Disability Parents and the Church: Do Not Be Afraid


We heard it again this week, in a casual conversation. As so often happens, it wasn’t even solicited, a pre-emptive answer to a question we didn’t even ask, for goodness sake: “Oh, our church couldn’t cope with your children. We wouldn’t know how.”

It’s hard not to come away from stuff like that feeling angry and frustrated. It never gets any easier, seeing your children ‘Othered’ so casually. So many churches like to believe they love everyone equally; the truth is, we love some more equally than others.

The thing is, I don’t think this is rooted in prejudice or deliberate policy. I genuinely think this stuff happens because people are scared. Scared they don’t have the resources, scared they don’t know sign language, scared they won’t know what to do in the event of a meltdown, scared they don’t know how to talk to someone who communicates in grunts and shouts. And when people get scared, the barriers come slamming down.

But here’s the thing: fear’s only helpful if you’re being chased by a rabid grizzly and his mates and you need your fight-or-flight impulse to kick in before you’re eaten. Meanwhile, biblically speaking, “do not be afraid” could almost be God’s catchphrase – he shows up and it’s often the first thing he says:

In the face of danger? “Do not be afraid.”

In the face of a difficult future? “Do not be afraid.”

In the face of your enemies? “Do not be afraid.”

In the face of angels and miracles and the Holy? “Do not be afraid.”

When you’re sitting in a room with children with disabilities? “Do. Not. Be. Afraid.”

Look, I’ll be honest here: sometimes I find life terrifying. I’m scared of how we’d stay afloat if I got made redundant or couldn’t work. I’m scared of what would happen to the boys if/when something happens to me or my wife. I’m scared I’m not good enough at this whole parenting thing because I look around and other people seem to be so much better at it than me. I’m scared that statutory authorities are throwing disability services under the bus as part of their ongoing cuts. I’m scared of the phone call that announces the next bout of mickey-taking random lunacy. “Do not be afraid” is often easier said than done.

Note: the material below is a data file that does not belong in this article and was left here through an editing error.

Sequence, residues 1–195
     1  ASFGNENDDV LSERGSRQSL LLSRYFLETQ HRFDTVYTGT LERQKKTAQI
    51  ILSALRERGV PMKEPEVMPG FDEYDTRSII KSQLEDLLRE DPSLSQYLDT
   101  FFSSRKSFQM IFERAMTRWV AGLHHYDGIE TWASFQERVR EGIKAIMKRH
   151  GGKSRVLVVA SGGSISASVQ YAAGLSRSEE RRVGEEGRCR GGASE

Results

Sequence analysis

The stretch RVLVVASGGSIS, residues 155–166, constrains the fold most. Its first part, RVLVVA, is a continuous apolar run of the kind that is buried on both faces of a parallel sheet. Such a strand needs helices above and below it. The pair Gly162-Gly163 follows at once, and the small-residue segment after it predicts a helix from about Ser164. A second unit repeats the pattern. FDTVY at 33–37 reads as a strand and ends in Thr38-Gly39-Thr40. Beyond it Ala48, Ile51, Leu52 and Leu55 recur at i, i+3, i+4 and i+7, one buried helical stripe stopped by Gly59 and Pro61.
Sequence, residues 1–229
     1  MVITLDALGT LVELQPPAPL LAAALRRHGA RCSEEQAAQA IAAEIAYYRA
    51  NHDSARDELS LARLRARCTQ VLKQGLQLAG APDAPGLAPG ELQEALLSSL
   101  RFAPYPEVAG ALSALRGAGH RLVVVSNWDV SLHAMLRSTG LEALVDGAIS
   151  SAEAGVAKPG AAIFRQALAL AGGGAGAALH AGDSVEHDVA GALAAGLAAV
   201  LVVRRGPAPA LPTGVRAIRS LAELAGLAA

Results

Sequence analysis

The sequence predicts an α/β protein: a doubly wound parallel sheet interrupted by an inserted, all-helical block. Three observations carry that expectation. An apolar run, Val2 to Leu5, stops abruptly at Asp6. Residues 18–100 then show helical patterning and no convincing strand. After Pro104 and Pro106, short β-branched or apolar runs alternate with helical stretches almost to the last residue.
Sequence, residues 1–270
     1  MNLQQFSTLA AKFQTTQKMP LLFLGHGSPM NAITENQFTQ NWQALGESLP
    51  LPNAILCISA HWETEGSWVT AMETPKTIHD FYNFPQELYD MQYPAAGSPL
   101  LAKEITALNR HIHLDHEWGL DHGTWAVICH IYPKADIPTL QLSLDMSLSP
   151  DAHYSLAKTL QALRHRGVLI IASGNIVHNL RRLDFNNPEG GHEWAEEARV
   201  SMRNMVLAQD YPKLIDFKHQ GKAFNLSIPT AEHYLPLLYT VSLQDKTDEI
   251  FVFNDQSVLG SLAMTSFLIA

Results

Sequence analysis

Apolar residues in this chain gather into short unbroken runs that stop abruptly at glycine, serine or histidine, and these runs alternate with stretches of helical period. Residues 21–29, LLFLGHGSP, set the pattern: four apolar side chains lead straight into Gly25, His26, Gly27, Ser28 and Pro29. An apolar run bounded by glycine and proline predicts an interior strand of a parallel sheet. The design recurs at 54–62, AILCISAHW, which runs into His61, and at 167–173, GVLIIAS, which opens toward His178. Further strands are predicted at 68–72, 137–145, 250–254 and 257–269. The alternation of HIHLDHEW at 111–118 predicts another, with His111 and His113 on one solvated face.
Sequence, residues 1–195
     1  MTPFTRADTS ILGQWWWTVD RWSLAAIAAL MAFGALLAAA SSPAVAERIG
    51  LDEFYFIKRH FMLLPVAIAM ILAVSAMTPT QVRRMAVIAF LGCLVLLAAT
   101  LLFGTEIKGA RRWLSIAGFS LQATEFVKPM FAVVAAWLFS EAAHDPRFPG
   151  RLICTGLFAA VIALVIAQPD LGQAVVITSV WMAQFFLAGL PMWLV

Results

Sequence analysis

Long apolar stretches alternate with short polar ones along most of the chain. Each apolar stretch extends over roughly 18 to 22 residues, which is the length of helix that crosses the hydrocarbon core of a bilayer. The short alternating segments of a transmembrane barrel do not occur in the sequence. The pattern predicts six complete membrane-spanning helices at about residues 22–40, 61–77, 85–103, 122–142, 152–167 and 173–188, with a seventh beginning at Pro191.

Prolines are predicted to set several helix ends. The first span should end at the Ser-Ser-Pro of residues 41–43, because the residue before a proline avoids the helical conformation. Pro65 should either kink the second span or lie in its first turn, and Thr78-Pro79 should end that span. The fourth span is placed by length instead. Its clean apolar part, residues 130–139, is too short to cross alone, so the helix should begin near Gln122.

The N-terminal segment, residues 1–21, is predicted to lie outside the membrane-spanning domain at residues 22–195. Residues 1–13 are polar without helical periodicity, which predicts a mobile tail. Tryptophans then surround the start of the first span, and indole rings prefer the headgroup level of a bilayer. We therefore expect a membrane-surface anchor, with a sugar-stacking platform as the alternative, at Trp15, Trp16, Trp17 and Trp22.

But that’s external stuff. My children? They’re not frightening. They’re intelligent, loving young people with individual personalities, quirks, likes and dislikes.  They have additional needs, sure, but they’re far more than their disabilities. The Church Universal and Triumphant doesn’t need to be scared of them, because like everyone else they’re made in the image of God and he loves them, cares for them and wants to see them integrated into his family. All those times Jesus reached out to those considered to be on the fringes, out of the mainstream, the marginalised and the “scary”? He’s our role model. If he’s not, if the Holy Spirit isn’t working to constantly make us more like Jesus then our churches are just social clubs and they won’t change a damn thing.

But beyond that, I need to trust that God has our backs, that he prepares a table for us in the presence of DLA forms and austerity cuts and societal ignorance. When we’re clinging to the cliff face by nothing but our fingernails, I need to trust that God will catch us. And I’ll be honest, I find that so hard because in this jenga-esque life it feels like we’re just one wrong move away from everything crashing down.

And yet we’re still here. We’re still standing, still laughing, still eating and paying the mortgage and looking after two wonderful children who are growing up safe and healthy. God has brought us through a hundred storms, and though I still get nervous every time I see a cloud, he’s there beside me whispering “Do not be afraid.” Even when the clouds are dark and the lightening flashes. Even when I’m not listening.

Maybe I should listen more, right?

Maybe we all should.

Do not be afraid.


9 thoughts on “Disability Parents and the Church: Do Not Be Afraid

  1. Reblogged this on includedbygrace and commented:
    I think Matt should take over my blog! He writes such powerful blogs but from the place of reality. Thanks again for this – we should not be afraid of including children and adults with additional needs in our churches.

  2. Pingback: Don’t you Dare call yourself an Inclusive Church | includedbygrace

    • I don’t think it is that unbelievable. People are genuinely scared about those who are different to them.

      We need to find ways of making them less scared, and not just condemning them outright.

      • Isn’t following Jesus enough? I have been on the wrong end of people – in church – judging and tutting and making comments. I left that church, and if I had not already been a believer I would have given up on Christianity too. Of course people should be educated, but it should not have to come from the ones on the receiving end.

      • Following Jesus should be enough if we follow him well. But most people who go to church don’t. Most of us are works in progress.

        Churches are congregations of sinners, not saints. They are often unsafe places for vulnerable people to be in. It is very sad that lots of people get hurt in churches.

        There is much work still to do.

  3. Pingback: Launchpad: Autism, Disability and the Church | The Left Hand of Ehud: Matt's Bible Blog

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